Yale Historian Wins $75,000 International Prize
Yale University Professor of History Stuart B. Schwartz has won the first annual Cundill International Prize in History, awarded by McGill University, for his book “All Can Be Saved: Religious Tolerance and Salvation in the Iberian Atlantic World” (Yale University Press, 2008).
The largest non-fiction historical literature prize in the world, the Cundill Prize awards $75,000 to an author who has published a book that has had a profound literary, social and academic impact on a given subject.
“All Can Be Saved” reveals that even during the Inquisition, when enforcement of Catholic orthodoxy was widespread and brutal, tolerant religious attitudes existed in Spain, Portugal, and the New World colonies. Drawing on a broad body of historical evidence, including records of the Inquisition itself, Schwartz investigates the idea of religious tolerance and its evolution in the Hispanic world from 1500 to 1820.
“Schwartz’s history reveals that even during the infamous Inquisition, one of the darkest periods of the history of religion, freedom of conscience and the spirit of tolerance were alive in the minds of ordinary human beings,” says Canadian senator and jury member Serge Joyal. “It offers a glimmer of hope for today’s religious ‘culture wars.”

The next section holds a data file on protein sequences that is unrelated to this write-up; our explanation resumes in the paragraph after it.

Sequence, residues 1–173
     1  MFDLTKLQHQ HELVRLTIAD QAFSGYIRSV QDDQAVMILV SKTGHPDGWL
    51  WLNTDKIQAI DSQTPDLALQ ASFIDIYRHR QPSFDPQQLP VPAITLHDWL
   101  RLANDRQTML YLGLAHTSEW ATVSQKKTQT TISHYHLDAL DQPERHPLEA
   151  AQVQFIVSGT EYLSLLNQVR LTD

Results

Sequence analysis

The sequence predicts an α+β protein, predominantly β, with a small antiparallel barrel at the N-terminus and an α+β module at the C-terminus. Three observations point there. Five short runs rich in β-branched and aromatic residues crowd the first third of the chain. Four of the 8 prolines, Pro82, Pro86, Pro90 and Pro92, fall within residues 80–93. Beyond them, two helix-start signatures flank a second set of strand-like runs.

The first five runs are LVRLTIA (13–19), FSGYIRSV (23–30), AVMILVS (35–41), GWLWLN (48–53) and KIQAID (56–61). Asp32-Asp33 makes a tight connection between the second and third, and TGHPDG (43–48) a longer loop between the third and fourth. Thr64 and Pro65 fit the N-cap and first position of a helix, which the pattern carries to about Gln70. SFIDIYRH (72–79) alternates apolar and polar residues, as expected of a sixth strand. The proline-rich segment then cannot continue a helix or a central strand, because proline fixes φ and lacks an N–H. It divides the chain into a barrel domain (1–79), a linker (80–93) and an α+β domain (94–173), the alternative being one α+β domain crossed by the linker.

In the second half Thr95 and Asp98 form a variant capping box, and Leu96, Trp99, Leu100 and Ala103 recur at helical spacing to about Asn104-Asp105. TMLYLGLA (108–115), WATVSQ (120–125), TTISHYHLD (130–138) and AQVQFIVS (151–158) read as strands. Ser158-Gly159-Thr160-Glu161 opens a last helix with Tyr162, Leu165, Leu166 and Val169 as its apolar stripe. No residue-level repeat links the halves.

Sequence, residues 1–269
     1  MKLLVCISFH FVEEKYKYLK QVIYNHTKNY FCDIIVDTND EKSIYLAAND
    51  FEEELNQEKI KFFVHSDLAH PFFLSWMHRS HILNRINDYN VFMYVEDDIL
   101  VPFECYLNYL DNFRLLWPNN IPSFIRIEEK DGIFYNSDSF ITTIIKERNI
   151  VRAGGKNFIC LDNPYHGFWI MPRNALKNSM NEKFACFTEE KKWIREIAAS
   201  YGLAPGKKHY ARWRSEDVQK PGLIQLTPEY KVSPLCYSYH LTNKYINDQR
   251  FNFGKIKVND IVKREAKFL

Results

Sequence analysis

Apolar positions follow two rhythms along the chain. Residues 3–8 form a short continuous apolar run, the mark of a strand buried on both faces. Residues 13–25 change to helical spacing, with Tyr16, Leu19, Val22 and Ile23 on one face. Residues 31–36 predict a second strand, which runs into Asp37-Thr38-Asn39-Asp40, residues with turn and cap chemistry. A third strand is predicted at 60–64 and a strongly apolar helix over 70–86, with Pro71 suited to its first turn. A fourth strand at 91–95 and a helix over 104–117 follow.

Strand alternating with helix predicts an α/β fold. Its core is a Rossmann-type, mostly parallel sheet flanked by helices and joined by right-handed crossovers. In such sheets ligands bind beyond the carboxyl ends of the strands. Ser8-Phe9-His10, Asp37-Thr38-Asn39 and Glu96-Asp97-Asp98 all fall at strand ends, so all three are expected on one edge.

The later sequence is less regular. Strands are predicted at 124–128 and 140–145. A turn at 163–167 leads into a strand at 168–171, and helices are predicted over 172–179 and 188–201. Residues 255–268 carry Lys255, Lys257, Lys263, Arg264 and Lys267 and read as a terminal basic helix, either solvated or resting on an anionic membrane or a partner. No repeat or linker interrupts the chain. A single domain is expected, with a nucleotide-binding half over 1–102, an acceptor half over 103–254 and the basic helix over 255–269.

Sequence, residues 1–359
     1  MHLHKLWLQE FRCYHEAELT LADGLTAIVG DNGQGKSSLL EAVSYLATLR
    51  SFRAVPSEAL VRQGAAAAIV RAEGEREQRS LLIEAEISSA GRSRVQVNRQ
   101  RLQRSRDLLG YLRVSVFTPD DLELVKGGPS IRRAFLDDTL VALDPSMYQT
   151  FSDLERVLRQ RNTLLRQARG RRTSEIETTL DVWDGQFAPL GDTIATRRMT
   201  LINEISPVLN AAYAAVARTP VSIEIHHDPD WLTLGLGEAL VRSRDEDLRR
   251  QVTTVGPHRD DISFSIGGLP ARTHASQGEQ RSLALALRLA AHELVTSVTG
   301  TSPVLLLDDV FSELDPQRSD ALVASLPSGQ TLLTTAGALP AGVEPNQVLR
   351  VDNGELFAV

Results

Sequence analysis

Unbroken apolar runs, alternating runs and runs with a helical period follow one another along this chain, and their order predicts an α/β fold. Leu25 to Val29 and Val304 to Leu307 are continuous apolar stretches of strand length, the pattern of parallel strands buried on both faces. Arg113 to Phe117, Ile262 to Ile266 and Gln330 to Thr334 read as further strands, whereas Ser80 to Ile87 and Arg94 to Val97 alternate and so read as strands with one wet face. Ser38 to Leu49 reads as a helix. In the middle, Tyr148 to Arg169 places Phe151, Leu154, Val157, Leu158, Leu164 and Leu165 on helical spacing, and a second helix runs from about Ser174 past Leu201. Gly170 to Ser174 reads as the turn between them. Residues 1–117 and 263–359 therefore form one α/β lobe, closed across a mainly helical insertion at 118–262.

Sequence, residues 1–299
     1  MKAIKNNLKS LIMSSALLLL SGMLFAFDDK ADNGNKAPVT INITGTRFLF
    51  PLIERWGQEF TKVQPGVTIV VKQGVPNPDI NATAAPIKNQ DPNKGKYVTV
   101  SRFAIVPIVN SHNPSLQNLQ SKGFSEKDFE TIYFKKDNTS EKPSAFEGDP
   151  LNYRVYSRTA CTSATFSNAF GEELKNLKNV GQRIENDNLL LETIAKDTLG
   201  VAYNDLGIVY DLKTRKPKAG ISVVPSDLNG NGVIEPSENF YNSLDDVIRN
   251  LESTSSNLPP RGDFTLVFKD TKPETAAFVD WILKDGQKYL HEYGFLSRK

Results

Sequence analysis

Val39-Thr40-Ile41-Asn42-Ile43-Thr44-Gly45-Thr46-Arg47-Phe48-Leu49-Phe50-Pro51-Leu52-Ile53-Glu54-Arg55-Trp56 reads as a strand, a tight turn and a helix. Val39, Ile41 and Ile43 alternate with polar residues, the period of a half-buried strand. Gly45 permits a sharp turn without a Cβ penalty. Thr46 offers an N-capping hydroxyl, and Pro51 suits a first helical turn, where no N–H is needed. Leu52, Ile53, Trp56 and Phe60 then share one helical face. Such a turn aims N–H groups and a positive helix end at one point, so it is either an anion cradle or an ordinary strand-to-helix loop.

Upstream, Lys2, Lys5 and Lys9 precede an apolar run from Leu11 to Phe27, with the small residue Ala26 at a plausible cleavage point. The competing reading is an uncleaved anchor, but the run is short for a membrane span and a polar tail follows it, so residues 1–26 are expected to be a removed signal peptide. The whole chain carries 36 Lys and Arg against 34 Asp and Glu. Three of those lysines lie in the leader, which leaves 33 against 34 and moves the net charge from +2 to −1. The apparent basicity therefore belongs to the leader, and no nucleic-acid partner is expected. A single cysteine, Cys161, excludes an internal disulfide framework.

Currently, Schwartz is the George Burton Adams Professor of History at Yale. His first book, “Sovereignty and Society in Colonial Brazil” (1973), received an honorable mention for the Bolton Prize in 1974, and his book “Sugar Plantations in the Formation of Brazilian Society” (1984) won the Bolton Prize. He has published more than 70 articles in scholarly journals and anthologies, and he currently serves on the editorial board of 12 scholarly journals in seven countries. He is the editor-in-chief of the book series “New Approaches in the Americas” for Cambridge University Press.
Educated at Middlebury College and the National University of Mexico, Schwartz received his M.A. and Ph.D. degrees from Columbia University. Prior to joining the Yale faculty, he taught at the University of Minnesota. He has been a Guggenheim Fellow, a fellow of the Institute for Advanced Study (Princeton) and (twice) a fellow of the American Council of Learned Societies. In 2000, he received the Order of the Southern Cross, Brazil’s highest decoration for foreigners.
The Cundill International Prize in History at McGill was established in April 2008 by McGill alumnus and investment manager Peter Cundill. It is administered by McGill University’s dean of arts, with the help of the McGill Institute for the Study of Canada (MISC).
For information on the Cundill Prize, see http://www.mcgill.ca/cundillprize